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Is e-mail speech or writing?

Confounding all expectation, people appear to be reading these postings. The previous item on quotations prompted a question from a reader about a relatively novel issue: quoting e-mail texts.

"[W]hen an interview is conducted by e-mail, or supplementary information is gathered by e-mail, should that always be signaled in the text, or is it okay to use the usual "said" and "according to" and "mentioned" as the verbs?"

Indicating in an article that an interview was conducted by e-mail is as much a point of accurate sourcing as saying that an interview was conducted by telephone or in a face-to-face encounter.

Once that has been established, "said," "according to" and "mentioned" are probably acceptable as loose attribution. But if you are going to be as strict about reproducing texts exactly as they were written as I recommended previously, you should probably use "wrote."

No doubt we’ll be hearing from people who disagree.

I’m sure that practice varies. The exchanges in the famous Paris Review interviews of authors — now available free and electronically at

http://www.theparisreview.com/literature.php

— were traded back and forth between interviewer and subject in manuscript form so that both questions and answers could be refined. They were presented as direct speech, but the method was explained.

The thing is not to bamboozle the reader about what is going on.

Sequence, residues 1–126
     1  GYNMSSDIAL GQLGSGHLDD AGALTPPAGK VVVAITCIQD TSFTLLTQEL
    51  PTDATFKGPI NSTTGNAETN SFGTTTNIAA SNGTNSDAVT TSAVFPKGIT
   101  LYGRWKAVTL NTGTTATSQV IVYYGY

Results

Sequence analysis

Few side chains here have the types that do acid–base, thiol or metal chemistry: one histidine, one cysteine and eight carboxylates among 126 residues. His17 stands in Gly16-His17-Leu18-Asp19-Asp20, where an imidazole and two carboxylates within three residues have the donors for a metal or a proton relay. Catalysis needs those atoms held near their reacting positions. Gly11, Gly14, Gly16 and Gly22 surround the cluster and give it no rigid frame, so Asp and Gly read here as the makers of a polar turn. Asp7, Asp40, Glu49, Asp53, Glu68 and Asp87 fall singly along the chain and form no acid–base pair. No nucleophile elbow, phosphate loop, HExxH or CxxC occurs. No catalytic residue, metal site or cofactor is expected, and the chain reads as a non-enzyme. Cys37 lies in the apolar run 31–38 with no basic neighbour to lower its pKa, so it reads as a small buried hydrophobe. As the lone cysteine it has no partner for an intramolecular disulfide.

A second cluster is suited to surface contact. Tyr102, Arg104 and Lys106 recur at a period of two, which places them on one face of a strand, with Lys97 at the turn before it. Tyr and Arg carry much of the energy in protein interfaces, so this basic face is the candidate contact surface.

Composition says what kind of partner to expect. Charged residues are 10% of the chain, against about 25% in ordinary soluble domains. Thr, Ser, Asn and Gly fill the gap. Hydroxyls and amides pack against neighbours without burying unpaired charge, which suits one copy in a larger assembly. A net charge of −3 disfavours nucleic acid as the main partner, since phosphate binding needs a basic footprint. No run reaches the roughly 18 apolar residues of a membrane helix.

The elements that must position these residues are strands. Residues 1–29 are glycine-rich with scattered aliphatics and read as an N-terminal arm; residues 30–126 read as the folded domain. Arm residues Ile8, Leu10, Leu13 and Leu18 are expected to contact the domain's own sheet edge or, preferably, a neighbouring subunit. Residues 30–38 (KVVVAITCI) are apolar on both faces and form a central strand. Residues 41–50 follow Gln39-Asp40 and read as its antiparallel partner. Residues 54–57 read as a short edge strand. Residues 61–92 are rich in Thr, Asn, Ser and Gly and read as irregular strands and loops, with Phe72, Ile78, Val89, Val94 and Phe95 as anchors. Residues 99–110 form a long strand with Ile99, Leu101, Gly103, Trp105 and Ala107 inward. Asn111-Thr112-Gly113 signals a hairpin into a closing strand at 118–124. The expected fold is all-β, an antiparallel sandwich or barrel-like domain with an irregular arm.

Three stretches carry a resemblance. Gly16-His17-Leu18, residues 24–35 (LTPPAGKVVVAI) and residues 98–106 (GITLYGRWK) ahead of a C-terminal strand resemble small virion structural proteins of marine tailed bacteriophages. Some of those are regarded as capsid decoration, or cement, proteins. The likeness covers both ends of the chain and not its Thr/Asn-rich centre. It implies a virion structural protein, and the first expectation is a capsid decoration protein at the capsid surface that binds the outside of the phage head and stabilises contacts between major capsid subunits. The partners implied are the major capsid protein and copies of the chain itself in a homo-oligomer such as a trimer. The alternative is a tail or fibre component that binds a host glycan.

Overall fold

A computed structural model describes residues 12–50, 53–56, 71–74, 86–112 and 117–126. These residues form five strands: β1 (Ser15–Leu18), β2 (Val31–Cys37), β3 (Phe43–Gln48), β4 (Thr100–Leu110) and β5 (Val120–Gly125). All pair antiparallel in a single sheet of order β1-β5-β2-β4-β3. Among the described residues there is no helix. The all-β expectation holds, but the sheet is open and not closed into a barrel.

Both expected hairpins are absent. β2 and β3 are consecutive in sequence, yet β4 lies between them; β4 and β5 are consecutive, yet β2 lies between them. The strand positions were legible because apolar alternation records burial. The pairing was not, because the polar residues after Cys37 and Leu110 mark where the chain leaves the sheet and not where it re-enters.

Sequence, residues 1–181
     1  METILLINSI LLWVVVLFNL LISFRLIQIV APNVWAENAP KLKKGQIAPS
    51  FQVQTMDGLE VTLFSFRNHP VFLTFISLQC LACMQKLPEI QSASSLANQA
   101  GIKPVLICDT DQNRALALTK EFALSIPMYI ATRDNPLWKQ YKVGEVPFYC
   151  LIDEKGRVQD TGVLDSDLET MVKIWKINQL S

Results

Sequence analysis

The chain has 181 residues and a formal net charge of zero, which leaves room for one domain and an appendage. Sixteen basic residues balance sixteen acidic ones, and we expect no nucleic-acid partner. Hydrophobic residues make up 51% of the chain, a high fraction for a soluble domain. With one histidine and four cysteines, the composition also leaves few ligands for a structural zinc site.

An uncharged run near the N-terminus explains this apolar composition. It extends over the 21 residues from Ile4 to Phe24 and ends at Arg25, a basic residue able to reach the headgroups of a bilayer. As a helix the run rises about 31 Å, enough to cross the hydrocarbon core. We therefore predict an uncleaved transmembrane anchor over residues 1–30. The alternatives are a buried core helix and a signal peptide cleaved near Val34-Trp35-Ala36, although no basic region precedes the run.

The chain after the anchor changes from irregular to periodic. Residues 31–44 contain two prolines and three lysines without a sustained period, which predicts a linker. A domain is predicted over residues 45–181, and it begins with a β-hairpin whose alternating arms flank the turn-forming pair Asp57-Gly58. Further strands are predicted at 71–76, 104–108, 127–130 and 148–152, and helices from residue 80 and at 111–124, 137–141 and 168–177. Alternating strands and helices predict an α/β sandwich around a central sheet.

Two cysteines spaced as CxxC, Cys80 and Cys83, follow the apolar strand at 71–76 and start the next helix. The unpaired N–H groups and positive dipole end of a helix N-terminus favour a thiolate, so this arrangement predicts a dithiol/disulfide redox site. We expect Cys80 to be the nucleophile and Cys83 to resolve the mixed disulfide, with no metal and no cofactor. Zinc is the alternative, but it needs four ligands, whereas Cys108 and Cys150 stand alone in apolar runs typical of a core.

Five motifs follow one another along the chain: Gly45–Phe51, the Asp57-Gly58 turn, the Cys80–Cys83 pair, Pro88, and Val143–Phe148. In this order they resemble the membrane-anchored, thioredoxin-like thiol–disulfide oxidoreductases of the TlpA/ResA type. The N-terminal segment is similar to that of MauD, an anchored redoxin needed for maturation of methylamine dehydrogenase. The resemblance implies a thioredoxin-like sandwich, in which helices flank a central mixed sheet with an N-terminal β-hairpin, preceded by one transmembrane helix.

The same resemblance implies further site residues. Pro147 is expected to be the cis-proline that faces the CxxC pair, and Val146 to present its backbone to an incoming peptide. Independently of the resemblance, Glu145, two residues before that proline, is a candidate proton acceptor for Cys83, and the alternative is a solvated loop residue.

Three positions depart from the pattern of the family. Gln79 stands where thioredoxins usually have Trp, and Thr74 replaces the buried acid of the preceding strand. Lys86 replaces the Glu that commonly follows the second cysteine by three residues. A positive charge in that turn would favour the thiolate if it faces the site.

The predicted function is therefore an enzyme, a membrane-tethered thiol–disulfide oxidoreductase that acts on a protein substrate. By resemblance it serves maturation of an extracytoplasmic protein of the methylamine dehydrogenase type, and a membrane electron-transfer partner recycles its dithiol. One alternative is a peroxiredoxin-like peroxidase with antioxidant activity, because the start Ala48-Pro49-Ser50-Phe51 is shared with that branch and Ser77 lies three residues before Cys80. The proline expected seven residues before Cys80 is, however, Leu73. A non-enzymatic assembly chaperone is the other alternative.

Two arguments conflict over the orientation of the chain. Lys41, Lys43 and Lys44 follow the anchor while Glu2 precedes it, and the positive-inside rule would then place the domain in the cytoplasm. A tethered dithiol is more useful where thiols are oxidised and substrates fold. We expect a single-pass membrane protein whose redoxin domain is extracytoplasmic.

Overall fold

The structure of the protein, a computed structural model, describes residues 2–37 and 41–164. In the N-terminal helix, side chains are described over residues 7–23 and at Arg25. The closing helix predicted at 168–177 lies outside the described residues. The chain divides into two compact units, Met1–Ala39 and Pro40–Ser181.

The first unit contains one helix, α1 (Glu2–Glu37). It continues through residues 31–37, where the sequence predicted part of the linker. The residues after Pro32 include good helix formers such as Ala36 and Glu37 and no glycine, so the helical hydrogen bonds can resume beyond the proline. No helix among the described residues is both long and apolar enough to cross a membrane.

On another topic, a colleague points out that "For Unlawful Carnal Knowledge," another folk candidate for the origin of one of English’s most-beloved verbs, is "also the title of a Van Halen album." Not having paid any particular attention to rock music since the spring of 1970, I was unaware of that.

Posted by John McIntyre at 4:34 PM | | Comments (2)
        

Comments

I think you're right when a text is being quoted as a text, as with a leaked e-mail message between government officials, but when e-mail is merely the medium of an interview I think spelling, capitalization and punctuation errors become the equivalent of coughs and stutters and "ums" in telephone interviews.

In regards to the topic of quoting the text of e-mail messages exactly: Would this differ from how one would quote from a corporate press release or a corporate spokesman's e-mail sent in response to a question? If, say, the news release said, or the spokesman wrote, "The Executive Vice President of the Company feels its Long-term Growth Strategy will increase sales of SCRABBLE games considerably," would one be obligated to reproduce the statement in that form if one were to directly quote it in a story (and I know a newspaper never would quote such a lame statement, but for the sake of discussion . . . )? If not, how does the corporate news release or e-mail differ from the treatment of other e-mail or written communication that might be quoted -- why must one be reproduced exactly while the other is "cleaned up" to conform to style? Where is the line drawn?

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About John McIntyre
John McIntyre, mild-mannered editor for a great metropolitan newspaper, has fussed over writers’ work, to sporadic expressions of gratitude, for thirty years. He is The Sun’s night content production manager and former head of its copy desk. He also teaches editing at Loyola University Maryland. A former president of the American Copy Editors Society, a native of Kentucky, a graduate of Michigan State and Syracuse, and a moderate prescriptivist, he writes about language, journalism, and arbitrarily chosen topics. If you are inspired by a spirit of contradiction, comment on the posts or write to him at john.mcintyre@baltsun.com.
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